In 1981, he founded his own firm, Wall Street Access, and some 30 years later, he continues, as chairman and CEO, to provide the vision for the firm, which specializes in institutional research, trading and money management.
One would expect the office of such a highly successful Wall Street executive to be adorned with finance books and various accolades, but portraits of family and friends, and pictures of Ireland provide warmth and atmosphere.
Kelleher, too, is warm and welcoming. Though he is reluctant to talk about himself, he mentions his family at every opportunity. “Family is very important to me,” he admits. He credits his wife Carol, his three children (two of whom work in the firm) and eight grandchildren as the driving forces behind his perseverance.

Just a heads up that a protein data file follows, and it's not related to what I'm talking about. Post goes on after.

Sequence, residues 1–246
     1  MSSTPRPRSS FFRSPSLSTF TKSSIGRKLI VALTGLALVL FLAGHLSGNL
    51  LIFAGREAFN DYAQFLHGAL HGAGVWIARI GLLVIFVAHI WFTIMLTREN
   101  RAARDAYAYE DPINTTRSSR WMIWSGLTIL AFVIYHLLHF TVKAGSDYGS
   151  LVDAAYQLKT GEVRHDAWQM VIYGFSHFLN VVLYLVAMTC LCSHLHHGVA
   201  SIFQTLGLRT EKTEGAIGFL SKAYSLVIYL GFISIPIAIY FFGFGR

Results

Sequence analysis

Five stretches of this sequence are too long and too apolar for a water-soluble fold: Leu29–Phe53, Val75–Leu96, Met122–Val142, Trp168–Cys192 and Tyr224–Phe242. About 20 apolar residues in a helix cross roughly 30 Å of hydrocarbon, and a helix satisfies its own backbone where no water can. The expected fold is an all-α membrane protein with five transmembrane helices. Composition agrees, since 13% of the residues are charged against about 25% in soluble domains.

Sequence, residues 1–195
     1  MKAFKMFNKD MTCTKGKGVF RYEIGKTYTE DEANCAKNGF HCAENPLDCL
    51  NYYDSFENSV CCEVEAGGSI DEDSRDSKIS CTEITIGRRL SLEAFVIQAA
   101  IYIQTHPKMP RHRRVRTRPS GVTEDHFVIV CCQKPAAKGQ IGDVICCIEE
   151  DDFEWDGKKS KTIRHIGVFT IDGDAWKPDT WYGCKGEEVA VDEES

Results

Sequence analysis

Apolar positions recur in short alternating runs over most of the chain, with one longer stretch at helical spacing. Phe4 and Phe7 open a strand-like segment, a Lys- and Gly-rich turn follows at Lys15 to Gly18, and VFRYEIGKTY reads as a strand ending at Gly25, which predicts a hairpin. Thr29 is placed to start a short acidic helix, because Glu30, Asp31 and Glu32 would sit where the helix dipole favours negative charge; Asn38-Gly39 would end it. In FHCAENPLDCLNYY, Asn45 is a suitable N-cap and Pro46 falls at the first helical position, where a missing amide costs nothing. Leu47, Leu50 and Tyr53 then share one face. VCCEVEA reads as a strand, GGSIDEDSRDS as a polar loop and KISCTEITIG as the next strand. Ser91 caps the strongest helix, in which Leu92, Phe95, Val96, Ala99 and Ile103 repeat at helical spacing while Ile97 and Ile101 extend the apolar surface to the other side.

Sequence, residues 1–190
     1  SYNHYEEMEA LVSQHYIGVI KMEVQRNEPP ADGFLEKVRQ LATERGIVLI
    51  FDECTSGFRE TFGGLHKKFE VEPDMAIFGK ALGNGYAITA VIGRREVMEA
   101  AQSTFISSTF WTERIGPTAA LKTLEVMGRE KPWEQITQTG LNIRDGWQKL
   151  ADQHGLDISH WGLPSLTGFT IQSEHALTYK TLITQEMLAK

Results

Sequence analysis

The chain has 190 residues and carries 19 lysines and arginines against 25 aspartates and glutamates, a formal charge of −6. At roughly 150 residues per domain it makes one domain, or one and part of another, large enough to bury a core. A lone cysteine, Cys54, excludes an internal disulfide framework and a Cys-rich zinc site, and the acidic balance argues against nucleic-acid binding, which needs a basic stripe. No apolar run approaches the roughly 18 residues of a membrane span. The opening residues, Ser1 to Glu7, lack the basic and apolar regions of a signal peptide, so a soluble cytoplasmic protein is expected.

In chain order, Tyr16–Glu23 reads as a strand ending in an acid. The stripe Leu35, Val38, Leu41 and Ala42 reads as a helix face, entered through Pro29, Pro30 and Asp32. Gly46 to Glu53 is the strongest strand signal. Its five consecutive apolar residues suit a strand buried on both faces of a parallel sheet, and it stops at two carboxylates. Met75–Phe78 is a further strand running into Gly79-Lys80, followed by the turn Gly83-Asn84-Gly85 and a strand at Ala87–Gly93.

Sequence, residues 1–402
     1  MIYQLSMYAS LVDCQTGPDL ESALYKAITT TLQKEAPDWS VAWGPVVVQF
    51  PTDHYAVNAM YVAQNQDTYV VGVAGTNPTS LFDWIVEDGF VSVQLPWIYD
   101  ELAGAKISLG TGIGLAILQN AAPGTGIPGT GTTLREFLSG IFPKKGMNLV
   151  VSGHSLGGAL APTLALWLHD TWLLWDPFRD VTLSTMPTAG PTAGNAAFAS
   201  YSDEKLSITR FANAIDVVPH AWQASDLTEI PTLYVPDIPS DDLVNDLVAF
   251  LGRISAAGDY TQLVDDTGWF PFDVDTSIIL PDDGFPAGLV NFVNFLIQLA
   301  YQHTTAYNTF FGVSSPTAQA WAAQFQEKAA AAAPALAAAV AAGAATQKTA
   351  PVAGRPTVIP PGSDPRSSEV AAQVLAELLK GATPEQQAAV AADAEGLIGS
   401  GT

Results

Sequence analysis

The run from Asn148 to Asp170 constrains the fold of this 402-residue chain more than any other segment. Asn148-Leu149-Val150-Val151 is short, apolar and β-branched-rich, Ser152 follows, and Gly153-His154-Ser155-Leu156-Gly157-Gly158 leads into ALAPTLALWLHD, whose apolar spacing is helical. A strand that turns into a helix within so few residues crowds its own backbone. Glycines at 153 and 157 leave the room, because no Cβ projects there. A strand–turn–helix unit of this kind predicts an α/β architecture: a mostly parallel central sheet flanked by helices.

“I enjoy what I do, but they keep me motivated,” he says.
When times were tough in his industry, Kelleher met any challenges head on and did the best for his clients. “I’ve always had the attitude that in a cyclical business like this you must save for the bad days,” he says.
He also believes strongly in helping others. In an effort to pass on his good fortune, he and wife, Carol, set up an organization called the Good Deeds Foundation. One recent endeavor was to establish a middle charter school for Mexican children living on Staten Island. He and Carol are also committed to funding suicide prevention efforts in rural Ireland. And, although he keeps it quiet, Kelleher was instrumental in working behind the scenes in advancing the Northern Ireland Peace Process.
“I’ve been fortunate in my life so it’s important for me to give back to those in need. But I couldn’t do it without Carol,” he says. He speaks movingly of the companionship she has shown him through the years and her dedication to the various charities and trusts they have founded together.
Kelleher experienced the pain of emigration early in life when his father had to leave the family for short periods of time to work in England.